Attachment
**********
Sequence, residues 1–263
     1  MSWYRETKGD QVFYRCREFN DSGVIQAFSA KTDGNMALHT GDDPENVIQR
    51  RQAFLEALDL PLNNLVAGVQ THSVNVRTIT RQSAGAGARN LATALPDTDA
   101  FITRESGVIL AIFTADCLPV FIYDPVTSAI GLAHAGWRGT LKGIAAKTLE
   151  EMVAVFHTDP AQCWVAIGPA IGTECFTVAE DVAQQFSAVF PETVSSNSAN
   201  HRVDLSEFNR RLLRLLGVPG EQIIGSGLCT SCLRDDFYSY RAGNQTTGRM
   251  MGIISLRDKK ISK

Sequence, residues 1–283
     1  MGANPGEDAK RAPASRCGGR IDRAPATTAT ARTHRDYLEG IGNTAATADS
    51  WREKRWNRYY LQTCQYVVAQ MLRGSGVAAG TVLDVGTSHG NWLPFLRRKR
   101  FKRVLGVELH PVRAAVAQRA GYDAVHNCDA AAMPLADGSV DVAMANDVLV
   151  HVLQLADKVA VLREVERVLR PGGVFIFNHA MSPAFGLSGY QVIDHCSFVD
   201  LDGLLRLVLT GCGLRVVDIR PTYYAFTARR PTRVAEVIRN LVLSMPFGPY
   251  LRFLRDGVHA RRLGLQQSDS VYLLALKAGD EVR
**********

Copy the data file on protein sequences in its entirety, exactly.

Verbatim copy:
Sequence, residues 1–263
     1  MSWYRETKGD QVFYRCREFN DSGVIQAFSA KTDGNMALHT GDDPENVIQR
    51  RQAFLEALDL PLNNLVAGVQ THSVNVRTIT RQSAGAGARN LATALPDTDA
   101  FITRESGVIL AIFTADCLPV FIYDPVTSAI GLAHAGWRGT LKGIAAKTLE
   151  EMVAVFHTDP AQCWVAIGPA IGTECFTVAE DVAQQFSAVF PETVSSNSAN
   201  HRVDLSEFNR RLLRLLGVPG EQIIGSGLCT SCLRDDFYSY RAGNQTTGRM
   251  MGIISLRDKK ISK

Sequence, residues 1–283
     1  MGANPGEDAK RAPASRCGGR IDRAPATTAT ARTHRDYLEG IGNTAATADS
    51  WREKRWNRYY LQTCQYVVAQ MLRGSGVAAG TVLDVGTSHG NWLPFLRRKR
   101  FKRVLGVELH PVRAAVAQRA GYDAVHNCDA AAMPLADGSV DVAMANDVLV
   151  HVLQLADKVA VLREVERVLR PGGVFIFNHA MSPAFGLSGY QVIDHCSFVD
   201  LDGLLRLVLT GCGLRVVDIR PTYYAFTARR PTRVAEVIRN LVLSMPFGPY
   251  LRFLRDGVHA RRLGLQQSDS VYLLALKAGD EVR